During my time at Tech.Ed, I got to spend some time with Dell’s premium, top of the line laptop – the Adamo. It’s a slick, lightweight, piece of engineering, however there are a few draw backs.
Whilst the Adamo in a couple of different configurations, and colours – Pearl (White) and Onyx (Black), the version I got to review is as follows.
- Intel Core 2 Duo Processor (1.4GHz)
- Genuine Windows Vista® Home Premium SP1 64 bit Edition (Free upgrade to Win7)
- 4GB 800MHz DDR3 dual-channel memory
- 13.4" 720p WLED (1366×768 resolution)
- 128GB Solid State Hard Drive
- 6-Cell (40WHr) Li-Ion Primary Battery
- Backlit keyboard
- 802.11n Wireless
- No optical drive
- Solid State Drive – The speed of this drive is amazing, it meant that Windows 7 (64-bit) booted in around 20 seconds. That’s 20 second. 128GB in size also meant there’s none of the typical data selection we experience when using laptops with small drives.
- Design – Right from the beginning, when you see the packaging, you realise the appearance and presentation is important. It’s a very, very different experience to opening up a regular Inspiron. The design looks fantastic, during my time with the Adamo, I showed it off to friends, which was usually met with ‘ooohs and aahhs’. The only place I could fault the design was a little bit of flex in the bottom panel, which by the way covers a non-user replaceable / upgradable battery.
- Keyboard – Oversized backlit keys make typing on the Adamo a breeze. Slightly concave, for touch typists, it’s easy to find where one key ends and the next one starts. For those times when you do need to look at the keys, you can happily do so in the dark. The keyboard backlight brightness is also adjustable, so it won’t be super-bright in a dark environment. You can also turn off the backlight completely to conserve battery life.
- Weight – The Adamo is definitely light, especially compared with other 13” laptops. Undoubtedly the aluminium body assists here. Personally the weight of a laptop is becoming more important to me. If I’m going to use a laptop for it’s desired – portability, then it needs to be comfortable to carry. The Adamo weighs 1.81 kg.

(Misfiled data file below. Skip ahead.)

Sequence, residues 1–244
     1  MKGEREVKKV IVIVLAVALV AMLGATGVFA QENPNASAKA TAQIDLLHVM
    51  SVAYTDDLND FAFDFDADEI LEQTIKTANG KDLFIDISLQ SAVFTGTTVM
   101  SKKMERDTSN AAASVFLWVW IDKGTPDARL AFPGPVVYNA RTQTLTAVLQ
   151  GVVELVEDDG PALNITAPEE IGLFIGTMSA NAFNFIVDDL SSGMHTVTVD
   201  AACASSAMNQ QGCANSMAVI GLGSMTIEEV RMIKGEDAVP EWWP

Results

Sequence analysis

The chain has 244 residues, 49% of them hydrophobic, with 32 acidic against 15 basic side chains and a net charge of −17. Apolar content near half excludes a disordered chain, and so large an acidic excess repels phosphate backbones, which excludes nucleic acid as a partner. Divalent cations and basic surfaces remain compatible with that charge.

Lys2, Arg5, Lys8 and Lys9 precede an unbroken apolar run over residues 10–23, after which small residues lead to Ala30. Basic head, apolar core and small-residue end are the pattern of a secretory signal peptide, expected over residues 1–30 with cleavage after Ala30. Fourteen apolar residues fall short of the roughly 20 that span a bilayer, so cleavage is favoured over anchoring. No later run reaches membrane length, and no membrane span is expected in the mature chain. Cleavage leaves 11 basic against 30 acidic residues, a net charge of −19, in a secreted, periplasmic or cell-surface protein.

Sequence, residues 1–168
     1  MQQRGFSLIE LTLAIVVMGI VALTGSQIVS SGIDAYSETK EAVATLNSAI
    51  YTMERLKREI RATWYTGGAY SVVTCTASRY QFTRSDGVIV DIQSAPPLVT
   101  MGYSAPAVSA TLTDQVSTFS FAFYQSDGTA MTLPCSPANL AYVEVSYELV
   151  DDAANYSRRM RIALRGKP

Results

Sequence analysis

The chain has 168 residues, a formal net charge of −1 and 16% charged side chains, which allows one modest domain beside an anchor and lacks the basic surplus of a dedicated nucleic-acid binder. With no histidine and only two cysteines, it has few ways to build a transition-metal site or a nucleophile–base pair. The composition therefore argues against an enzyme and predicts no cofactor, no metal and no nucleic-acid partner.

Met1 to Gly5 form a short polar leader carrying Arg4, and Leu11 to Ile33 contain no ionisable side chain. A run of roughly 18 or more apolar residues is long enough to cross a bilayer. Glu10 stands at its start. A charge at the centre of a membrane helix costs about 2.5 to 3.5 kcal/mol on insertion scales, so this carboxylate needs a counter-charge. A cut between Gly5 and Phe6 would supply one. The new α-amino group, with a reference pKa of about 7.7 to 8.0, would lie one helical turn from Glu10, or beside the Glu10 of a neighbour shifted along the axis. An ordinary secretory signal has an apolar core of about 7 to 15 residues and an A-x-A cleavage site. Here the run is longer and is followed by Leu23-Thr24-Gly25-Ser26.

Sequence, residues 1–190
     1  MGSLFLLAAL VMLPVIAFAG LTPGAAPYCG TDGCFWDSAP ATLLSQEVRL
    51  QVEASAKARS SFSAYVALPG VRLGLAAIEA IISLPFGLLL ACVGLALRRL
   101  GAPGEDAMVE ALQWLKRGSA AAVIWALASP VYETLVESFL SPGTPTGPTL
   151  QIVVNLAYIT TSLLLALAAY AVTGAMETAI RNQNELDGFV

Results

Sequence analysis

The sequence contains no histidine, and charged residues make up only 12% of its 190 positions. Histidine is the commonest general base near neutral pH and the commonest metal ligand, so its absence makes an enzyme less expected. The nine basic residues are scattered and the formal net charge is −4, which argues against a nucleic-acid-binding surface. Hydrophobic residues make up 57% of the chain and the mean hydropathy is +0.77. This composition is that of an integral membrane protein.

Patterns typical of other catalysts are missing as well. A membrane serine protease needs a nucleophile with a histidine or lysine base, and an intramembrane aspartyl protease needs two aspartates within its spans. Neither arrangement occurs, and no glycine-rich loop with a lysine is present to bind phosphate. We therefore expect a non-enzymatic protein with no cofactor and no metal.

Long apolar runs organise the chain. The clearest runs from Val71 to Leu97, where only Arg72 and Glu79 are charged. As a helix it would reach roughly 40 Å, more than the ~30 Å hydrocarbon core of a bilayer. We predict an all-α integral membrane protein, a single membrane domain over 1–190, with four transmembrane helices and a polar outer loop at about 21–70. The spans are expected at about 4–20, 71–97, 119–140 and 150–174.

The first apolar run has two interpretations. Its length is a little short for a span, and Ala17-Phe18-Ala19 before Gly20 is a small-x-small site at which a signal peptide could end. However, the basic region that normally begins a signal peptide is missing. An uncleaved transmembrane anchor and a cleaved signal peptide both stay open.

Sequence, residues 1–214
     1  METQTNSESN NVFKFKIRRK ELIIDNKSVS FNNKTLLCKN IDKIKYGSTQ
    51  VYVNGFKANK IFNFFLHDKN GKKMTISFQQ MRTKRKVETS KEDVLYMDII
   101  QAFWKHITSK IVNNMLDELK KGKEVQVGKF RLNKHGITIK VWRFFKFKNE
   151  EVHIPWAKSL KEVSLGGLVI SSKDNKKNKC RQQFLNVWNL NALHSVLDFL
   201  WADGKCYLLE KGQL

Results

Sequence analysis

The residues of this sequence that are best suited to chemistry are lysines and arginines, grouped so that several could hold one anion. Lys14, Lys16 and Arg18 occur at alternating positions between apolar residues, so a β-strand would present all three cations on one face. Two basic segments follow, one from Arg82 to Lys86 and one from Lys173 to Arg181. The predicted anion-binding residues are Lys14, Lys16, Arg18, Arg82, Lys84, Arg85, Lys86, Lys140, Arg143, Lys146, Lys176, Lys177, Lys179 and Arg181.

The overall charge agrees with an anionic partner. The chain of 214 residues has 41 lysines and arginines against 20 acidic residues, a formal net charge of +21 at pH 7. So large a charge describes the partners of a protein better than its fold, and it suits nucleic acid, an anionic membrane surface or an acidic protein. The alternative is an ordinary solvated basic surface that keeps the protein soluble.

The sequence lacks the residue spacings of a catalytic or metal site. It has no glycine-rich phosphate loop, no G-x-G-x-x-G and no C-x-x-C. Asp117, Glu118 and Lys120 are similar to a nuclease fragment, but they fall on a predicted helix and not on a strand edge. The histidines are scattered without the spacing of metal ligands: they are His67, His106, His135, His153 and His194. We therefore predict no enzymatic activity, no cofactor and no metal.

- Price – Of course that SSD speed and size doesn’t come cheap, so surely a decent slab of the price can be contributed to that.
- Battery Life – Dell claim 5+ hr battery life, but in my experience it was more like 2-2.5hrs.
- Speakers – The arrangement of the speakers mean they’re actually pointing away from you. This results in a reflected sound reaching you which sounds quite tinny. Your best bet for audio on the Adamo is a USB headset.
- USB ports – the Adamo has 2 USB ports on the rear. The problem here lies in the closeness in which they’re placed. If your using a larger USB device (e.g. wireless USB modem), then you can forget about plugging in anything else like a mouse. Essentially this means you need to carry around a USB hub.
The Adamo is without a doubt Dell’s sexiest laptop. Fitting that amount of performance in such a small bundle is an amazing engineering feat. Clearly Dell are not the pioneers in ultra-thin laptops, but their edition is certainly a great device. The number one problem is the price. Despite having a great list of specs, the price of $3,299 is just too steep for even those in love with the Adamo.
Even the entry level Adamo with a 1.2Ghz processor and 2GB RAM costs $2,199. You could find many higher powered laptops for that price point, so you are paying quite a premium for the design.
If your cashed up and price isn’t an issue, I’d absolutely recommend the Dell Adamo. But Dell, if you want to move units, please drop the price.
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